From Europe and Poland's point of view, one of the most important recent developments in international politics was the re-orientation of Russia's foreign policy. This paper aims to answer three important questions relating to this issue:
4. When and why did the "pro-Western turn" in the Russian Federation's policy take place?
5. Has it been profitable for Russia?
6. What goals will the Russian policy pursue in the future?
An analysis of the last two years in Russia's foreign policy leads to the several conclusions, including those:
5. Clearly, the Russian leaders realise that in the longer term, Russia - in its desire for more influence in the world - will not be able to survive as an independent pole of power in international politics and it will have to join forces with the West (most likely, the European Union).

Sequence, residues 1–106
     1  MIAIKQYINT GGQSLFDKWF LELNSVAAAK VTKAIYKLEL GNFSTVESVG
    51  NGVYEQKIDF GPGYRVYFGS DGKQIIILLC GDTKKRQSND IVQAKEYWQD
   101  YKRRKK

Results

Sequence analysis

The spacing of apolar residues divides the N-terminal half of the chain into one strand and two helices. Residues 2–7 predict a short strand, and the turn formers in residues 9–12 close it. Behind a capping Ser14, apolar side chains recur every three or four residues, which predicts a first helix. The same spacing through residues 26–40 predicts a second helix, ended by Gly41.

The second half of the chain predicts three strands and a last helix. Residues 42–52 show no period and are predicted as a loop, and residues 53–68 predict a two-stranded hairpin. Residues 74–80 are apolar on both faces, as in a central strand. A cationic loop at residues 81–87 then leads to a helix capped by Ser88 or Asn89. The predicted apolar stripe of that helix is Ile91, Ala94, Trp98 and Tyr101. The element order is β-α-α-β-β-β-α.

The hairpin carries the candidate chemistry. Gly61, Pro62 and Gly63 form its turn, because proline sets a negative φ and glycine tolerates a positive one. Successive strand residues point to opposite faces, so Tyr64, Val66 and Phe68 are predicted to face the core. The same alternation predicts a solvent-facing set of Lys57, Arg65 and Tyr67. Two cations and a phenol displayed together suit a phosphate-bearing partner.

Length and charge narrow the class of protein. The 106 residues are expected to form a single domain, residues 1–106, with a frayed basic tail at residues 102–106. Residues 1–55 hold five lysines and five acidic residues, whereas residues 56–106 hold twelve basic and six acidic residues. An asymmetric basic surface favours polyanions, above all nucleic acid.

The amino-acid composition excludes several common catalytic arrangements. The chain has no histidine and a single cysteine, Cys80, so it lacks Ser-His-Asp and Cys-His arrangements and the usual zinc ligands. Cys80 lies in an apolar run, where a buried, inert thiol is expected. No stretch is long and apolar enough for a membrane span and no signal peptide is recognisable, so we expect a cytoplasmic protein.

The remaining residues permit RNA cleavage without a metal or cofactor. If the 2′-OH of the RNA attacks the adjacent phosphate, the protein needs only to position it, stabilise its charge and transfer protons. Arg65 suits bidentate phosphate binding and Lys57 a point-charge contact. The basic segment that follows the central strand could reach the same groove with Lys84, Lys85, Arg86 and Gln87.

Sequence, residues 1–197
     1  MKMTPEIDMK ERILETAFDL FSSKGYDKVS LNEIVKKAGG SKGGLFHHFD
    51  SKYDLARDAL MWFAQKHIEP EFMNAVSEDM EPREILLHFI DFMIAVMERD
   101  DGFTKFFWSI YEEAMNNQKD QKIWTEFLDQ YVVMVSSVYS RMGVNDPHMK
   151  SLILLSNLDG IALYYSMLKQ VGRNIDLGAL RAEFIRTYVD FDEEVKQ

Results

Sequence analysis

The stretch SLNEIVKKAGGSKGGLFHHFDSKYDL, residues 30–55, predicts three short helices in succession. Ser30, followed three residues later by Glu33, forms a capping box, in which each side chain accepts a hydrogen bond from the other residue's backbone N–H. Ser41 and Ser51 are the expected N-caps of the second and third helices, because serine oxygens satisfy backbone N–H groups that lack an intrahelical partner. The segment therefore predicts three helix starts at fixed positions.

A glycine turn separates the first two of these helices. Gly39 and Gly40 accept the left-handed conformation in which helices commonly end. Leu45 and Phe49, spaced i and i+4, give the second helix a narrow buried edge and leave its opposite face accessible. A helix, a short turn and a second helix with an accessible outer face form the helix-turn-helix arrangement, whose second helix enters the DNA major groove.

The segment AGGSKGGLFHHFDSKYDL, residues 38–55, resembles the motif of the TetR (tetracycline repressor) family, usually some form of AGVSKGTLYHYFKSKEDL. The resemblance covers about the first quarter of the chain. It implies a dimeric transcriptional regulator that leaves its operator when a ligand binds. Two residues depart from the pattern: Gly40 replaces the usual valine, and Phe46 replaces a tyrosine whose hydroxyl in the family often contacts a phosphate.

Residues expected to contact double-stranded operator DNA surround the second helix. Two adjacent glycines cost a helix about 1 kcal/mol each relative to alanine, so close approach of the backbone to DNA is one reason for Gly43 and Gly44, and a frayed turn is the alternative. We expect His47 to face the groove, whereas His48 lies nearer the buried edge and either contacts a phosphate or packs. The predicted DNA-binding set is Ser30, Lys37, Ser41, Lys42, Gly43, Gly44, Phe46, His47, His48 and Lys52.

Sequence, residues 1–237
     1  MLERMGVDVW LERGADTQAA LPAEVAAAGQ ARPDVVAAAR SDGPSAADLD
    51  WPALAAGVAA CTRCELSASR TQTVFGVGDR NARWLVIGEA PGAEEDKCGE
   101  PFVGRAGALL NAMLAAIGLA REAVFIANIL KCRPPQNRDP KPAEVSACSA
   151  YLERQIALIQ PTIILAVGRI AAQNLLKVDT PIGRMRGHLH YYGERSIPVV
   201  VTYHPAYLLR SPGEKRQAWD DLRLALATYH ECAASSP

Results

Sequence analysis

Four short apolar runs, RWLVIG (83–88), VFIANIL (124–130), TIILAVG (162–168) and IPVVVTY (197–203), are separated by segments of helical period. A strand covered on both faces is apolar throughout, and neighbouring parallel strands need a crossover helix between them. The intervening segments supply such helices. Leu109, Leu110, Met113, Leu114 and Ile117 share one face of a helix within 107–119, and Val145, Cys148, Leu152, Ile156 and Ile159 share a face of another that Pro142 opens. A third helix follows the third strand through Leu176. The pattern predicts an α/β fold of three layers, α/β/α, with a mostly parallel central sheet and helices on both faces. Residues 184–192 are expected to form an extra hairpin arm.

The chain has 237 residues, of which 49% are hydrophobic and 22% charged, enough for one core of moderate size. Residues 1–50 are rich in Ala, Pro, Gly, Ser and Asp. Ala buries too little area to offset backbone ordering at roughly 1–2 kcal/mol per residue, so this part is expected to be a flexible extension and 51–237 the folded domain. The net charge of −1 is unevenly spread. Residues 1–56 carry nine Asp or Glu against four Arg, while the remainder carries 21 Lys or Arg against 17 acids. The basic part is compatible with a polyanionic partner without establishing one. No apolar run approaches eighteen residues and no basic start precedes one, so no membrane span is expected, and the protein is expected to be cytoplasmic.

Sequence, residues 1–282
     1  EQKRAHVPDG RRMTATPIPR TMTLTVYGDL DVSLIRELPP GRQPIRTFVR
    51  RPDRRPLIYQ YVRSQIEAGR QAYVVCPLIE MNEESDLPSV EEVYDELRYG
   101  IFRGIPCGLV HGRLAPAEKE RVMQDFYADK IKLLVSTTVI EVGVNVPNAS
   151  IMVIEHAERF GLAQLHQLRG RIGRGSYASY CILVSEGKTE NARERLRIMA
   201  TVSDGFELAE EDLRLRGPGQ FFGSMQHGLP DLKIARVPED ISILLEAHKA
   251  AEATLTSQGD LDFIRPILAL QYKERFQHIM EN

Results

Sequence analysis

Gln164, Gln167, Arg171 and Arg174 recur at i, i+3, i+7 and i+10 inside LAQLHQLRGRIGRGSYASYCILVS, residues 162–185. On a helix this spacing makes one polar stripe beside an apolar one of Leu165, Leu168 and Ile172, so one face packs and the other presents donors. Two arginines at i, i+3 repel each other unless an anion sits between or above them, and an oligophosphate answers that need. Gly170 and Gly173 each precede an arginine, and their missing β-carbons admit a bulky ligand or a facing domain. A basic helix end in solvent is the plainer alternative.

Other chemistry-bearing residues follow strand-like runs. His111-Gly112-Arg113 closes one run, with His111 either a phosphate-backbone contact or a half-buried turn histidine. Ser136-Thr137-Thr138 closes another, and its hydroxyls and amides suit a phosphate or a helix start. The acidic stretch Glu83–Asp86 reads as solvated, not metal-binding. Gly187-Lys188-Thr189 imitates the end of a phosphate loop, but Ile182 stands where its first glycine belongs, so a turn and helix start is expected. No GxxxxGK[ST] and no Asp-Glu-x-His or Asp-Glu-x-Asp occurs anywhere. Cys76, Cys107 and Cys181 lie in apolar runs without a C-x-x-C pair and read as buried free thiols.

6. September 11 was not the cause of Russia's pro-Western turn, but rather a catalyst that put the process which started when Vladimir Putin took his office in sharp focus.
7. In the nearest future, this new direction of Russia's foreign policy seems not be challenged by internal opposition in Russia.
8. The "pro-Western turn" proved to be beneficial for Russia, although:
d. Russia has not become a strategic ally of the US
e. There has been no breakthrough in the relations between Russia and the European Union, and Moscow has not gained any real influence on NATO's important decisions.
f. Russia has not become a major decision-maker of international politics.
5. Russia's closing to the West is in Poland's and Europe's interest.